*Five-time Grammy singer and recording artist Mariah Carey is one of the best-selling female solo recording artists of all-time, with a portfolio full of memorable hit songs since bursting onto the music scene in the late 1980s.
Yet, she also has vivid memories of the racism she endured growing up a bi-racial child in the 1970s and early ‘80s in Huntington, New York, about 32 miles from New York City. Carey is one of three children born to a white mother and an African American and Venezuelan father.
In her new book, “The Meaning of Mariah Carey,” the 50-year-old writes about several incidents that opened her young eyes to bigotry and racism. One incident that stands out in her mind was when she was a young girl and one of her grade school friends came over to the house for a visit.
“The parents didn’t know I was Black. They didn’t know that she (their daughter) was going to go into a Black man’s house,” Carey writes. “They’d only met my mother. The girl burst into tears because she was so freaked out. Mind you, my father is this gorgeous, tall man that looked like a movie star to me and then to see that happen. It just changes your perspective on things, and it twists it. It was just heartbreaking.”
Carey writes about another incident in school that involved a teacher that didn’t know that the future singing star had a Black father and white mother. When students were assigned to draw their parents, the teacher corrected Carey after seeing what the youngster had drawn and colored.
“I was basically traumatized by the teacher who thought I had used the wrong crayon because I had drawn my father with a brown crayon,” recalled Carey. “These are the kinds of experiences that stay with someone at such a young age, even if there isn’t malicious intent on the part of a teacher, or even perhaps a close friend who was unaware that my father was Black.”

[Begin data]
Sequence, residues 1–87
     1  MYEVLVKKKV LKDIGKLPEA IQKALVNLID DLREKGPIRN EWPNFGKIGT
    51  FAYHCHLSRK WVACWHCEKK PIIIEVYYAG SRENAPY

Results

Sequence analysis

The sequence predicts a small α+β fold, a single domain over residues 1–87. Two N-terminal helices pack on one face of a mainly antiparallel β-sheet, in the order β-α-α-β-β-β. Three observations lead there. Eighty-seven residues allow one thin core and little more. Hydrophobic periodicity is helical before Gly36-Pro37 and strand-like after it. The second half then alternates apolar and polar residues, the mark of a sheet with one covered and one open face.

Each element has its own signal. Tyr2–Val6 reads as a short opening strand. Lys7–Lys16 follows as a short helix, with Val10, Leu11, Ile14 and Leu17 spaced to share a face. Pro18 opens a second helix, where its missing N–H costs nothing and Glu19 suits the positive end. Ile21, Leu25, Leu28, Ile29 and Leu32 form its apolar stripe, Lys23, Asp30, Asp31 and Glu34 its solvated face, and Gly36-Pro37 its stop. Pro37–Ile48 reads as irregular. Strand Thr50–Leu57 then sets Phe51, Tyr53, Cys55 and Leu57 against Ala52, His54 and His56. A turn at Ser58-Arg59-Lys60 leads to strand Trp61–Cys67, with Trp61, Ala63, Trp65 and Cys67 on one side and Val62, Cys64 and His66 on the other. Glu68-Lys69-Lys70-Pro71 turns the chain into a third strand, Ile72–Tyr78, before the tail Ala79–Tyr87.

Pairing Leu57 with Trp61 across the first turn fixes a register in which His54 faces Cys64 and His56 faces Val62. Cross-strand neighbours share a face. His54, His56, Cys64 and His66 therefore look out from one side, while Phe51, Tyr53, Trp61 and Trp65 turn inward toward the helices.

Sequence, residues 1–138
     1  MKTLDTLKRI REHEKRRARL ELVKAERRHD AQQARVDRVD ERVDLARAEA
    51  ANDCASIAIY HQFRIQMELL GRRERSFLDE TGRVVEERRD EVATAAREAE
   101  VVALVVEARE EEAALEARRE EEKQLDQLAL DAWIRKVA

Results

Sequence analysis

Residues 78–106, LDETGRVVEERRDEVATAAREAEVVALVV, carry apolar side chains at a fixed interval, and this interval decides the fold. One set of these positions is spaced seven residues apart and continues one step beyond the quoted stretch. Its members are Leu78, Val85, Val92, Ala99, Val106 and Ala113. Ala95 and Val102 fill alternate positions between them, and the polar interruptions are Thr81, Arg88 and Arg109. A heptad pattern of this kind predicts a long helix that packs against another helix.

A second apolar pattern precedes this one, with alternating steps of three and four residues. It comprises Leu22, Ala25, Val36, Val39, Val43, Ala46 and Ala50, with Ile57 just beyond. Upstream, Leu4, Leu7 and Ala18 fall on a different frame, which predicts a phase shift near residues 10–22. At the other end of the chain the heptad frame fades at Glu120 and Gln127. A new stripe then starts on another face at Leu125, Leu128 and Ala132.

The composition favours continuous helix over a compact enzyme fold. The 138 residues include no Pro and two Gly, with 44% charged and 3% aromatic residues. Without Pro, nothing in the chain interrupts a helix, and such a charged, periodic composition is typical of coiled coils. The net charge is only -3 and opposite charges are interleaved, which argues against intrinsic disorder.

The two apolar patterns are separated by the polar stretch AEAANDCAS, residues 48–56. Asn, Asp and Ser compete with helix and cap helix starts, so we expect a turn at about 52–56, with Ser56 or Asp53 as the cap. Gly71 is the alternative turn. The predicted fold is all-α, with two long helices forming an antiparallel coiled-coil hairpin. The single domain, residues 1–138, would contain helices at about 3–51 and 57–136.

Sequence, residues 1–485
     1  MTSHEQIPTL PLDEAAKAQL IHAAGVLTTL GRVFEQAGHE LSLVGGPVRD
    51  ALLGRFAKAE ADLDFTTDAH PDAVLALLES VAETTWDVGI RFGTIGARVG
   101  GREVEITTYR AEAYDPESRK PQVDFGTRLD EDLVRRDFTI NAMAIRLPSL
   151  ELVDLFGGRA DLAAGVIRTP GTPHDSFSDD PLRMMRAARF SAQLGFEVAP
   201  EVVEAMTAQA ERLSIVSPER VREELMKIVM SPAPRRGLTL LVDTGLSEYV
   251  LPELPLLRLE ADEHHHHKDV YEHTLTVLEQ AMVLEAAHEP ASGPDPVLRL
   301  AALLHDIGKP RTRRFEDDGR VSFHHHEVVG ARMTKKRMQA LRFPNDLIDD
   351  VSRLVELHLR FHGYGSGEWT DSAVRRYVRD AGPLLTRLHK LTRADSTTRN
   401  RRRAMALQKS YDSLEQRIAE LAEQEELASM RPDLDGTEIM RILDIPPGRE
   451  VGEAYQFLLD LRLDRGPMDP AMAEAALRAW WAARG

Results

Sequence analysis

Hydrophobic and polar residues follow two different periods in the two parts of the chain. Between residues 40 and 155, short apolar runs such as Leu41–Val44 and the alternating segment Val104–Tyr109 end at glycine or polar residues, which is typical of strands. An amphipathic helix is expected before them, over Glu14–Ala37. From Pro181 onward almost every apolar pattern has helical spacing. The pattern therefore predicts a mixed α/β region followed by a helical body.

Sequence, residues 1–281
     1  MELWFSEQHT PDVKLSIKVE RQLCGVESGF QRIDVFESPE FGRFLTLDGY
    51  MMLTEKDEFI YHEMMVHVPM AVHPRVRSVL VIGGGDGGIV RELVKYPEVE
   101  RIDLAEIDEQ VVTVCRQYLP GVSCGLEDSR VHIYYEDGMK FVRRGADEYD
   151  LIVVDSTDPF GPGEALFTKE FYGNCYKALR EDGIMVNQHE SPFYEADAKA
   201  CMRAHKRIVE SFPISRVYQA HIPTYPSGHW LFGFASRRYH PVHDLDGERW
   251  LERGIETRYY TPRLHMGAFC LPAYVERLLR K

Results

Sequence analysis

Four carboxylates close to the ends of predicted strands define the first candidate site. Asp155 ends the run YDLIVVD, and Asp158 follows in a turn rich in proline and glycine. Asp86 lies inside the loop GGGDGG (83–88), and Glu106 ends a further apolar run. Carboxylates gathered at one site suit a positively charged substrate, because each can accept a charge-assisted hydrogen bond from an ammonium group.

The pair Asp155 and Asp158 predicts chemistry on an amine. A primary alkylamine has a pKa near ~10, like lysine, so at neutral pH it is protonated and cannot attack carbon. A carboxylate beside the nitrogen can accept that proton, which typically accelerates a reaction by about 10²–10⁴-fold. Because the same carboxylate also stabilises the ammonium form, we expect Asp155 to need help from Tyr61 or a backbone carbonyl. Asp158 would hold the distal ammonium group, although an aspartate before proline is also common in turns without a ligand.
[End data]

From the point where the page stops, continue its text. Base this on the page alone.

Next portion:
Carey is happy that her book has been released in this present climate of racial discord and the heighten national debate about racism. The book, which Carey said took three years to write, is an important tool to talk about racial attitudes between white and Black people. She shared, however, since the release of the book, her nine-year-old son Moroccan has been bullied by a white supremacist he thought was a friend.
Carey said her book is more than reflections of the racism she endured as a child, as she also writes about her 2001 hospitalization due to mental health issues because of exhaustion and other factors; her strained relationship with her mother; dating baseball star Derek Jeter, who was also biracial; her ex-husband, Tommy Mottola’s role in trying to sink the success of “Glitter,” which she starred in 2001; throwing shades on J.Lo; and much more.
During a recent interview on “Watch What Happens Live with Andy Cohen,” Carey said that there’s a possibility that the book may someday come to life as a film or mini-series with Lee Daniels’ involvement. “The Meaning of Mariah Carey,” the songstress told Cohen, “is written in a very ‘visual way.’ ”